Thrivecast is hosted by Trish Kritek, MD, EdM, University of Washington School of Medicine Vice Dean for Faculty Affairs. This podcast is for faculty and provides tips to help clinicians, educators, and researchers thrive professionally in their careers, covering topics from time management and organization to leadership and self-advocacy.

You can find Thrivecast on Apple Podcasts, Spotify, Google Podcasts, and Stitcher.

Episode 26: Project Management Part 1: The Faculty Perspective
Dr. Giana Davidson (Surgery; Assistant Dean for Professional Development) provides a faculty member’s perspective on how to collaborate with project managers. Whether it’s a research project or clinical initiative, a key foundation is creating a shared vision of what success looks like for the whole team. Then you can organize the work visually to track task progress, check in frequently with your partners, and know when to step in and help each other move the work forward.

 

Episode 25: Want to Help Shape Your Institution? Join a Search Committee
Professor Chad Allen (English, American Indian Studies and Associate Vice Provost for Faculty Advancement) explains why participation in faculty search committees is critical for shaping the climate in your unit and institution. He provides guidance on how to participate actively to advance your unit’s vision and goals, move work forward in your field locally and nationally, and welcome a diversity of voices to your team and university.

 

Episode 24: Planning and Navigating Transitions
Dr. Kemi Doll (Obstetrics and Gynecology) walks through the process of how to decide when to make a transition in your work. Evaluate if you’re still growing in your personal goals, solicit feedback from trustworthy stakeholders in your planning, and know that discomfort is a normal and temporary part of stepping into that new chapter.

 

Episode 23: Jumping into Health Services Research
Dr. Soledad Jorge (Obstetrics and Gynecology) explains what health services research is and how to embark on a pathway into that work. Dr. Jorge covers how to answer questions in your field by finding the right databases, then how to create a detailed research proposal and utilize existing data dictionaries before diving into analysis.

 

Episode 22: How to Give Feedback – Part 2
In the second part of our feedback series, Dr. Addie McClintock (Medicine) dives into how to have a feedback conversation with a learner. Using the Prepare to ADAPT model, provide meaningful observations based on shared expectations, have a conversation with the learner about that feedback, and plan together for next steps.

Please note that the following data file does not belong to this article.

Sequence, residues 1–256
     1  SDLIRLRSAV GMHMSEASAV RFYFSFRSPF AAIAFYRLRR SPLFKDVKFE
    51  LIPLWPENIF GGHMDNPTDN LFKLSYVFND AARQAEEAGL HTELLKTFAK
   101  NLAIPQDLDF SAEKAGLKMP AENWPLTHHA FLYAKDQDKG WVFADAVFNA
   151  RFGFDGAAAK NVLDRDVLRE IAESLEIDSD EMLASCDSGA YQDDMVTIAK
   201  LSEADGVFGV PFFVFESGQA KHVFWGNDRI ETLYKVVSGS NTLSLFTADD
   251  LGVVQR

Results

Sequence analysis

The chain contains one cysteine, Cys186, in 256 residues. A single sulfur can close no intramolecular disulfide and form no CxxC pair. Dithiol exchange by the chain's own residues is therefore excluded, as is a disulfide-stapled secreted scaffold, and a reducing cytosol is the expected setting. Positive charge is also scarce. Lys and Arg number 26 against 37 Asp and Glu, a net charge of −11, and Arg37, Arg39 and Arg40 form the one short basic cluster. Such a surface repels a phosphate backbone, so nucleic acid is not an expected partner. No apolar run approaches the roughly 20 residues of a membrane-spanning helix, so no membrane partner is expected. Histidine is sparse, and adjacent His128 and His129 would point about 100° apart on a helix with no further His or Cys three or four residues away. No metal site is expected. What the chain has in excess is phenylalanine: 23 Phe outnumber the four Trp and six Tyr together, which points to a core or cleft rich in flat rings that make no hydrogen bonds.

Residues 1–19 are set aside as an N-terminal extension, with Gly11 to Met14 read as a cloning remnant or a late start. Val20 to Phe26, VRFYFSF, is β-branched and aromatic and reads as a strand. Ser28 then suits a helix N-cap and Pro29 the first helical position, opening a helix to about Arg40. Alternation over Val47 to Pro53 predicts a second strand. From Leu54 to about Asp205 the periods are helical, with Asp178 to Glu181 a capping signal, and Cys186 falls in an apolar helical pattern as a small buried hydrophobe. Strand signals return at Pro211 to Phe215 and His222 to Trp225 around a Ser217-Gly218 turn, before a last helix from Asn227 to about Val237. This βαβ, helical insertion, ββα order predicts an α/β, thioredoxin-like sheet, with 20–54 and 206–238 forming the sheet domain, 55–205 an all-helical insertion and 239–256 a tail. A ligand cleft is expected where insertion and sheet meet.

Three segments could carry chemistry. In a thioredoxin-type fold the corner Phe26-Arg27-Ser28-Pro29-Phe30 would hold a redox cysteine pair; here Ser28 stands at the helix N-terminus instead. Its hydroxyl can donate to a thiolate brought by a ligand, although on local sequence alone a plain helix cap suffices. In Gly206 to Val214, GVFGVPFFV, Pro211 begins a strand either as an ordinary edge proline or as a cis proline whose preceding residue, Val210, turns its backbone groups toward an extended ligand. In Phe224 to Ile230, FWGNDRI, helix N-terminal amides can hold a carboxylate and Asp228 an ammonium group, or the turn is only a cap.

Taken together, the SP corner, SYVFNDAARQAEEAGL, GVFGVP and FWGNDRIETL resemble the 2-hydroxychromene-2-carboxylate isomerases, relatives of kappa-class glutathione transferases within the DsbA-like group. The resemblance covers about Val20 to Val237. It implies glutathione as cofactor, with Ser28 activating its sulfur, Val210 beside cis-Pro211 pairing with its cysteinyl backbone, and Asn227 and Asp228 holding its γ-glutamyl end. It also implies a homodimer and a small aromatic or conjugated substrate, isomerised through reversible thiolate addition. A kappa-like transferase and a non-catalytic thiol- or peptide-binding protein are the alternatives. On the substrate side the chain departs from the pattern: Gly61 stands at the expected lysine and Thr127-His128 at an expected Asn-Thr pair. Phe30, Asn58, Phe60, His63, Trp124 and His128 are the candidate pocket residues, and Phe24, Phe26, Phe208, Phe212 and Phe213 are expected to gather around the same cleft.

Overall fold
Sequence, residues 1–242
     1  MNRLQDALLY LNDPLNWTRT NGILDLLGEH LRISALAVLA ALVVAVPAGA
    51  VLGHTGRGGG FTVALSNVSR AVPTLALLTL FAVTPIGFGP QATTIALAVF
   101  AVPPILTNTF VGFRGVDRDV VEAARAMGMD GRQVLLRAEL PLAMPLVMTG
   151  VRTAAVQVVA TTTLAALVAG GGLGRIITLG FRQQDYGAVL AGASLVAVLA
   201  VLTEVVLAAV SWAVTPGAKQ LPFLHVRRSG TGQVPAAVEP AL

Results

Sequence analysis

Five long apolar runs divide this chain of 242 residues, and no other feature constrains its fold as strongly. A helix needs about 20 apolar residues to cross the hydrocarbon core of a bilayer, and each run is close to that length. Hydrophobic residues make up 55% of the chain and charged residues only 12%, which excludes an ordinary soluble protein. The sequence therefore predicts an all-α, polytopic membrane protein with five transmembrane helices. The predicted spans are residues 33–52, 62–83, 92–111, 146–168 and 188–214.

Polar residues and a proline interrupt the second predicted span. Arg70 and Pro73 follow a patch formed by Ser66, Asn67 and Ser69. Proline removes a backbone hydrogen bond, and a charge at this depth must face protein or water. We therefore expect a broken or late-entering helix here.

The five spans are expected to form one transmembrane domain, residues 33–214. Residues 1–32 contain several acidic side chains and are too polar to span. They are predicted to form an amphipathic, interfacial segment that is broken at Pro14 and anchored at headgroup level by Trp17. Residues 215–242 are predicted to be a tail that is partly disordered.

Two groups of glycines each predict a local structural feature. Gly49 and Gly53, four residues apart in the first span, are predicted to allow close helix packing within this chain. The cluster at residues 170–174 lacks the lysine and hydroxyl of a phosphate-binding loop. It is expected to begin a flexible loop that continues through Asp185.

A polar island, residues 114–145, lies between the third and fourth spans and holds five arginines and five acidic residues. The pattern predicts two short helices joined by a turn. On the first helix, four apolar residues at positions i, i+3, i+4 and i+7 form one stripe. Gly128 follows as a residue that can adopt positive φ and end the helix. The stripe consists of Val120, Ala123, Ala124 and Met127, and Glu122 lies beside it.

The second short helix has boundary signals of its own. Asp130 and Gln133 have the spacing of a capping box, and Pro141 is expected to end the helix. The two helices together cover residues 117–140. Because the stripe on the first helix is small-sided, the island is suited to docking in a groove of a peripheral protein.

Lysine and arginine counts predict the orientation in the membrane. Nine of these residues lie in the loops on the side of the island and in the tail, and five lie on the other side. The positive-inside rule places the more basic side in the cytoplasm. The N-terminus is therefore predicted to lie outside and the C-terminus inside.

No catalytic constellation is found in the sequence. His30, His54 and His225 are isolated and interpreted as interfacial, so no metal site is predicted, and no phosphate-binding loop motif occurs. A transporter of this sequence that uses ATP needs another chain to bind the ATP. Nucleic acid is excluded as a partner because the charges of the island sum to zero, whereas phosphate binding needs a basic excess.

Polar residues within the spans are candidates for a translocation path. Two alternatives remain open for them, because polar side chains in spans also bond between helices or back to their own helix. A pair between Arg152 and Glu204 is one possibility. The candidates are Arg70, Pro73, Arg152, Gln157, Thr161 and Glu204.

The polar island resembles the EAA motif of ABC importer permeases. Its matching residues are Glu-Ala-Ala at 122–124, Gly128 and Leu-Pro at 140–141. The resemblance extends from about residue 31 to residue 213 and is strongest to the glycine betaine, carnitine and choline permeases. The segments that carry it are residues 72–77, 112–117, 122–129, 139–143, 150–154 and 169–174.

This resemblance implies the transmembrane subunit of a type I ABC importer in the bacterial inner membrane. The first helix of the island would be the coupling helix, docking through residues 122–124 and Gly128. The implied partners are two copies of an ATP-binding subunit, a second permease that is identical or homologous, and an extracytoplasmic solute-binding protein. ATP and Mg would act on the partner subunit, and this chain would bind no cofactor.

Episode 21: How to Give Feedback – Part 1
This is part one of two in our feedback series. Dr. Addie McClintock (Medicine) provides guidance on how to ensure a safe space to provide feedback, emphasizing learning and teamwork as primary goals. Create psychological safety by setting the stage, inviting participation, and responding productively.

 

Episode 20: A Complete Guide to Leading Change
Dr. Lauge Sokol-Hessner (Medicine) walks through the full process of how to lead change. Using the framework of Kotter’s 8-steps, leading change requires addressing both the rational and emotional aspects of change, building a coalition of champions, removing barriers, and celebrating wins.

 

Episode 19: Using an Equity Lens in Decision Making
Drs. Paula Houston and Bessie Young (Office of Healthcare Equity) introduce the UW Medicine Equity Impact Tool for recognizing equity issues in workplace decisions, with a focus on educational, clinical, and research domains. Analyze whom the tool will benefit and burden, which stakeholders need to be at the table, and engage the community in decision making processes.

The Equity Impact Tool can be found at the Office of Healthcare Equity website at https://depts.washington.edu/hcequity/equity-impact-review-tool/

Episode 18: The How, When, and Why of Committee Participation
Drs. Nick Meo and Chen Wu provide guidance on meaningful committee participation. Choose committees that align with your passions and skills, participate consistently and join workgroups of interest to you, and think both locally and nationally to grow your network.

Episode 17: How to Begin a QI Project
Dr. Russ Migita (Pediatrics) provides tools and a framework for getting started with a quality improvement project. Have a structured plan, be specific about your primary aim, and use a key driver diagram to bridge the gap between current and ideal state to achieve that outcome.

Episode 16: Navigating Difficult Conversations
Dr. Sara Kim (Surgery) walks through how she prepares for difficult conversations and provides skills to help them go smoothly: listen to understand the other person’s perspective and values, ask “how” or “in what way” questions to open the dialogue, and try to maintain a constant state of curiosity and respect.